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    The Dutch/Brazilian artist Rafaël Rozendaal is best known for his digital artworks that often take the form of webpages but as he told us at our 2013 creative symposium Here he is increasingly interested in exploring his fascination with light and colour in real-world scenarios. Most recently this has taken the form of his hyper-colourful abstract lenticular paintings, which are made up of layers of different frames and so appear to move when viewed from different angles.

  7. List

    There’s a wonderful, undulating beauty to Alain Delorme’s series that initially tricks the viewer into thinking they’re seeing flocks of starlings choreographing themselves against iridescent skies. On closer inspection though, rather than capturing mass avian movements the Parisian photographer has replaced them with a myriad of plastic bags.

  8. List

    Way back in 2011 when we first posted the work of Frank Magnotta It’s Nice That was a very different beast – we’d only give you one image to check out and the rest was up to you. So when I stumbled across Frank’s work again this week it seemed essential that we show you a whole lot more. To be honest there have been few updates to his site in the past three years but the work is breathtaking, pulling together pop culture references, architectural precision and some serious Americana and combining it into stark surrealist landscapes. At times grotesque but always engaging, Frank’s graphite artworks are still some of the finest around.

  9. List

    Jean Jullien is many things. Artist. Illustrator. French. Recent emigre to New York. It’s Nice That favourite. So hot right now. He’s also the final artist to have a show at Kemistry Gallery’s current east London home before it closes its doors early next year (although as has been reported it has some excitingly ambitious plans).

  10. List

    American artist James Rieck paints models, but not in the way you might expect. In his huge colourful canvases he takes figures from adverts and recreates them four or five feet wide, capturing their clothes, their postures but not their faces.

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    These painted scenes from Paige Jiyoung Moon are so wonderfully intricate, a new detail pops out each time you see them. Capturing domestic scenes like people drinking coffee, friends watching a film or a family eating lunch together, it’s the mundanity of what Paige paints that makes her miniature worlds so inviting as the viewer tries to pick out some sort of irregularity.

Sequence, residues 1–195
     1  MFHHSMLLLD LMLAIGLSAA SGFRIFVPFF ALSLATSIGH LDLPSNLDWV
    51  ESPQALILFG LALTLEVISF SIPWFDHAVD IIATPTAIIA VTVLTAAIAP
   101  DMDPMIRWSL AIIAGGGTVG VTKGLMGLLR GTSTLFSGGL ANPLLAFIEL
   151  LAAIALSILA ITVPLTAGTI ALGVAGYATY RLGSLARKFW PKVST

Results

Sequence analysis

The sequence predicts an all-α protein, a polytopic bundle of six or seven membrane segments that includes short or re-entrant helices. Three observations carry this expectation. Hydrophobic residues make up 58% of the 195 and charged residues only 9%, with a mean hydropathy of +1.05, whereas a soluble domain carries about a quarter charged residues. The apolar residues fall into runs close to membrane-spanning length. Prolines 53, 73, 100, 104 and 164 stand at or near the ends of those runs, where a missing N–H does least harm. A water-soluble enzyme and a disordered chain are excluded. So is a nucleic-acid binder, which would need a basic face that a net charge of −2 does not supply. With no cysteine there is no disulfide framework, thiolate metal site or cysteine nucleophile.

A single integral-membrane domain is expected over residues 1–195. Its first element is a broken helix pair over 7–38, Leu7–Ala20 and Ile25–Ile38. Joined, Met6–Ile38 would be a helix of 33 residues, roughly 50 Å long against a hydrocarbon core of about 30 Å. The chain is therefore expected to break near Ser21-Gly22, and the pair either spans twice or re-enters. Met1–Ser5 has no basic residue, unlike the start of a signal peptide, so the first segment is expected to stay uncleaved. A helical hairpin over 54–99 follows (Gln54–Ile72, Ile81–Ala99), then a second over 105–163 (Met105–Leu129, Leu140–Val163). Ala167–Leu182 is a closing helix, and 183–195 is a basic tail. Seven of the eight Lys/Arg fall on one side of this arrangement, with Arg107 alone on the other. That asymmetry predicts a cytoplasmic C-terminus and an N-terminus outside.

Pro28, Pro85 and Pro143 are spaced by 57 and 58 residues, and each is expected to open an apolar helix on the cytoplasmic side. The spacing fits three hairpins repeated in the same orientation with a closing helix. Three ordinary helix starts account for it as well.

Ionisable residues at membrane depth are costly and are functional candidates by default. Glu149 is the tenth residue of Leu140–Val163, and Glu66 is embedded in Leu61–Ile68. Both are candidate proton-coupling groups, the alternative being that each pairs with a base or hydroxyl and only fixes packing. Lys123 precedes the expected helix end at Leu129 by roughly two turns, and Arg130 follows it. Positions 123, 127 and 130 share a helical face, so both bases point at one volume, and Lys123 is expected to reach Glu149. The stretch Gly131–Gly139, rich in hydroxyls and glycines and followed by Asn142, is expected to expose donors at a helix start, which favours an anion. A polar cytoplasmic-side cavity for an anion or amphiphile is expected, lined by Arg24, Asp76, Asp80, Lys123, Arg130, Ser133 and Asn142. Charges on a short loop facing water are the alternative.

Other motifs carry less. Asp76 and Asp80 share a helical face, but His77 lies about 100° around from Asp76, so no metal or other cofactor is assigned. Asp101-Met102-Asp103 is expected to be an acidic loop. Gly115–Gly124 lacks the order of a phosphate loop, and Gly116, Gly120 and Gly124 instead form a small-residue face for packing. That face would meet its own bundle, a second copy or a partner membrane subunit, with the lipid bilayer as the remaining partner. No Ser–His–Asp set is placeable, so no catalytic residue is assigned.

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    It’s been a whole two years since we last posted about the marvellous work of Lynnie Zulu and we’re happy to have the illustrator’s vibrant world colouring our dull Monday once again. Her latest body of work is on show now at No Walls Gallery in Brighton and is a fantastically lively exploration of the female in all her glorious forms.

  13. List-tatiana-bruni_-the-drunkard_-costume-design-for-%e2%80%98the-bolt%e2%80%99_-1931_-courtesy-grad-and-st-petersburg-museum-of-theatre-and-music

    We’re no ballet aficionados, but we wouldn’t usually associate drunkards, typists and factory workers with the grace and poise of the discipline. However, as these beautiful gouache painting by Tatiana Bruni show, there’s much more to ballet than tutus and swan lake, with her angular figures, bold colours and sometimes grotesquely postured characters. The paintings show costume designs for Dmitri Shostakovich’s 1931 ballet The Bolt, and are going on show at London’s Gallery for Russian Arts and Design alongside a series of period photographs. The ballet itself was bold and striking in its use of real hammers, machine-inspired choreography, aerobics and acrobatics, and the costume images are equally as dynamic, inspired by “the aesthetics of agit-theatre and artist-designed propaganda posters”, according to the gallery. The sense of movement is palpable, whether in the graceful billowing dresses or the staggering legs of our brightly-coloured drunkard, working against the geometric rigidity of the style to beautiful effect.